March 2012

Martyn Pedler

comicbookslut

Not In My Backyard: Pat Grant's Blue

"Australia does not have a wealth of comic art history," Pat Grant writes in the back of his new graphic novel Blue. "As a matter of fact, this country has a bad record when it comes to any kind of history. Our way of writing history is to destroy old things pertinent to our landscape and experience, and to import readymade mythologies from overseas."

A childhood of comic books in Australia means spending all your leisure time in other places -- deep space or the center of the earth, Gotham City or Neo-Tokyo -- and almost none here at home. We absorb so much popular culture from the United States it's amazing we still have our own accents; the first time I walked through LAX it was like I'd just stepped inside the television and felt perfectly at home.

Grant's Blue starts with a shy young boy approaching three other children building a sandcastle -- a keep to stop the "savage horde" -- on the beach. He wants to join them, but first they need to know if he's "local." This isn't the story of the sweet kid. It's the story of Christian and two friends, soon thirteen-year-olds, and how they react to foreigners arriving in their small beach community. "They're from some other country," one kid explains. "Like, near Africa or some shit."

You might not know that Australia is experiencing a "crisis" of asylum seekers coming to our shores. United Nations High Commissioner for Refugees, Antonio Guterres, recently visited Australia and said that compared to refugee problems around the globe, Australia's debate "has been very politicized and is out of proportion... as the number of people coming to Australia are small by world standards." And yet these refugees somehow cast a shadow so colossal it has terrified a nation. It's like a story that'd usually be set in the Hundred Acre Wood.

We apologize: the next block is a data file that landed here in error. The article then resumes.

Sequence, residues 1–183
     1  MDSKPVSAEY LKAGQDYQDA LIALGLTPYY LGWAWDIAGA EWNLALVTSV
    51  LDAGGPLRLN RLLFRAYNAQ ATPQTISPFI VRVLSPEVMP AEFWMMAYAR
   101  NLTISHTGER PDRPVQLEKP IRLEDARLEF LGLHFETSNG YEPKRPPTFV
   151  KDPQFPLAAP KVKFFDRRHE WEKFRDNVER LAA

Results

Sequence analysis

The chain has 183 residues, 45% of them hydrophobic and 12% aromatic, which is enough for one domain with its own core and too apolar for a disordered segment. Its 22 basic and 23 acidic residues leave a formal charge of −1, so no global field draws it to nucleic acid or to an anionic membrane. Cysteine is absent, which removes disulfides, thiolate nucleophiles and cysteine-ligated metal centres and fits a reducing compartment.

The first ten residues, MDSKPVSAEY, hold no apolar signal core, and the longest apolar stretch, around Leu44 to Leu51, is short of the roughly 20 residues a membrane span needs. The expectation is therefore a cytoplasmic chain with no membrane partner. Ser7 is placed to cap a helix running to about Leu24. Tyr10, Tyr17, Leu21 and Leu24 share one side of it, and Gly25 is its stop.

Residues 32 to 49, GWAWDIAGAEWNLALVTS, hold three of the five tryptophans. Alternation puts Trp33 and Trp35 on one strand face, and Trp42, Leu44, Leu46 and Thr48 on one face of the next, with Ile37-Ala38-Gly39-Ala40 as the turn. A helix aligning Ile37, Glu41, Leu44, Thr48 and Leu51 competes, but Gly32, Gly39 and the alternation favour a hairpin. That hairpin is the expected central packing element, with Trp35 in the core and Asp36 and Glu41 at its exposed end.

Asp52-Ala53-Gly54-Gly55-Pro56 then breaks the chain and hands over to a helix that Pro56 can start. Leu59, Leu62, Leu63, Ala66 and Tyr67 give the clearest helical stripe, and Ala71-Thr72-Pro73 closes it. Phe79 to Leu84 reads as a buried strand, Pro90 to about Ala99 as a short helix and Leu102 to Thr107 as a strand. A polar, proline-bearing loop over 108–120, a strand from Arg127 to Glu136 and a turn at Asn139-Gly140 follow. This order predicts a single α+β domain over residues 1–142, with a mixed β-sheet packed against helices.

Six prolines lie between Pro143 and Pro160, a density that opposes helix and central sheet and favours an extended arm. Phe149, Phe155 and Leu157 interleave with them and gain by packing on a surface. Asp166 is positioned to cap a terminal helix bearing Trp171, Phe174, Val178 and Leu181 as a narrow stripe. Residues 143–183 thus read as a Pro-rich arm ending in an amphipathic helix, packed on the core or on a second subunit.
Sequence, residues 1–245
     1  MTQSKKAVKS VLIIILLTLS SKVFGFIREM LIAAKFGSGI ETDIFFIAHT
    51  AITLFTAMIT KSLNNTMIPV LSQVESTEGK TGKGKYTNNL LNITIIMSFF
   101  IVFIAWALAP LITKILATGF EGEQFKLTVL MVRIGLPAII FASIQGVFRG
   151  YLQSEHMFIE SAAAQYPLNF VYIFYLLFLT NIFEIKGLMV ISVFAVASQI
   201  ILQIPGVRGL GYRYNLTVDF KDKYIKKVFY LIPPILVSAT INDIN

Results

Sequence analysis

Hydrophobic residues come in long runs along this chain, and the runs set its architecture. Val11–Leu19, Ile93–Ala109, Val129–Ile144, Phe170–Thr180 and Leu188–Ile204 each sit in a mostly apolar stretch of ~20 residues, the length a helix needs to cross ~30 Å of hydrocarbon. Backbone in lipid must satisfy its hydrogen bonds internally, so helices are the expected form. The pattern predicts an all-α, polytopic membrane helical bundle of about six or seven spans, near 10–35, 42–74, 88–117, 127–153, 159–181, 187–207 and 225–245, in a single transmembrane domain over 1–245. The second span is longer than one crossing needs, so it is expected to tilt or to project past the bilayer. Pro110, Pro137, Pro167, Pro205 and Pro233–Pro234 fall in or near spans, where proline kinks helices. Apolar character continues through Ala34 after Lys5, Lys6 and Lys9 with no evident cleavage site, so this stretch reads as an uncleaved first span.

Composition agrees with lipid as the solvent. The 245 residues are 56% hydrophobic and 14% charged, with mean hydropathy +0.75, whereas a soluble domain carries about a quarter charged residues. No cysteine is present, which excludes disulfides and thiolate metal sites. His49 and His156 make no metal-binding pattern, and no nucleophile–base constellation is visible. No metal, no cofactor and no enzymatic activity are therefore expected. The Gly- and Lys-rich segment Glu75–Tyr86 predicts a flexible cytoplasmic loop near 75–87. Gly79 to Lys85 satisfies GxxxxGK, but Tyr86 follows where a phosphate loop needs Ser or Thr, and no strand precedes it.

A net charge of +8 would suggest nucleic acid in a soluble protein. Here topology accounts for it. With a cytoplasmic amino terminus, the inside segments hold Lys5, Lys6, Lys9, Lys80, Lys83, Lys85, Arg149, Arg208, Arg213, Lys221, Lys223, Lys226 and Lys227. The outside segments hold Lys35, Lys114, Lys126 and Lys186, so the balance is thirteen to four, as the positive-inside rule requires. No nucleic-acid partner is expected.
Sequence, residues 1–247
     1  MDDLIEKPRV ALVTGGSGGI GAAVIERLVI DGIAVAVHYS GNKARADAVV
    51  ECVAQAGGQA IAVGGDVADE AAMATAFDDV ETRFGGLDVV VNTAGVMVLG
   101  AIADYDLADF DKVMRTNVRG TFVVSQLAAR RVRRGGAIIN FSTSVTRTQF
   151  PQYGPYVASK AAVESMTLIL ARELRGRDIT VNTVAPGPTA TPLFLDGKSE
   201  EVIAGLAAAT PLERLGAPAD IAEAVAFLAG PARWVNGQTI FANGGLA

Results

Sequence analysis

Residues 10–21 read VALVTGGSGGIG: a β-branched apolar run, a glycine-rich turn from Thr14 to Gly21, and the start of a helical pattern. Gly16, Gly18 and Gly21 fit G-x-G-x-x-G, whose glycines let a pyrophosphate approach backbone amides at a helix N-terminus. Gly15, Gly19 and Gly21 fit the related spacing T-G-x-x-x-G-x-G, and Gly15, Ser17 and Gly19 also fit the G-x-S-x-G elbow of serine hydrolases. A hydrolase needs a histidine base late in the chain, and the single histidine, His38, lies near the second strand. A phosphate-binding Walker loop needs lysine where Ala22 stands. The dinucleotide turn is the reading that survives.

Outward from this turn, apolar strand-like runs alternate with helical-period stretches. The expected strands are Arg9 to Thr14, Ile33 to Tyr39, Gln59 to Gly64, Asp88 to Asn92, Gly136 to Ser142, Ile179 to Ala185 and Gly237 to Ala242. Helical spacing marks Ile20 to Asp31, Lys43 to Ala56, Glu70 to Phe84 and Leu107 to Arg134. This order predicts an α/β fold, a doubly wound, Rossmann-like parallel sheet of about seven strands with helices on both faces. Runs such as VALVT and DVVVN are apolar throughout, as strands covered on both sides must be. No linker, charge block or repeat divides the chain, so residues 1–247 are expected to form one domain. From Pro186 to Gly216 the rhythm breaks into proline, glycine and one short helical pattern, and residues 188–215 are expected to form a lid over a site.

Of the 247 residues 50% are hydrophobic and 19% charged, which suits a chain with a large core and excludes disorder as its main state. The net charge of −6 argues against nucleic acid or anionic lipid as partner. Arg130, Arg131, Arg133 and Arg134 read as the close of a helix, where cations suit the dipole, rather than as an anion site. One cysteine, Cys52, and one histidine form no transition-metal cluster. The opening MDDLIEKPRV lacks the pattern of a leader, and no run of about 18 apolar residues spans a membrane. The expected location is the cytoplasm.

Blue was inspired by Grant's experience with the Sydney's 2005 Cronulla riots, when a protest over recent attacks on "locals" turned into nights of violence against those of "Middle Eastern appearance." (It's impossible to discuss these events without a pandemic of scare quotes.) Some young men took to wearing the Australian flag as capes in the days that followed, turning themselves into bizarre superheroes fighting for Aussie Pride, White Skin, and The Way Things Used To Be.

The life story of Blue's narrator, the now-grown Christian, is shown through a montage of surfing and friends photos mixed with slogans like YOU FLEW HERE WE GREW HERE, WE'RE FULL, and the Australian flag cradled by the words SUPPORT IT OR FUCK OFF. A shared popular culture is not quite a shared history, and Australia often enjoys a safe, smug distance between us and the world's worst. These slogans, though, have become horribly familiar here over the past few years. Seeing them hand drawn in Grant's loving illustrations of India ink was like splinters catching in my eyes.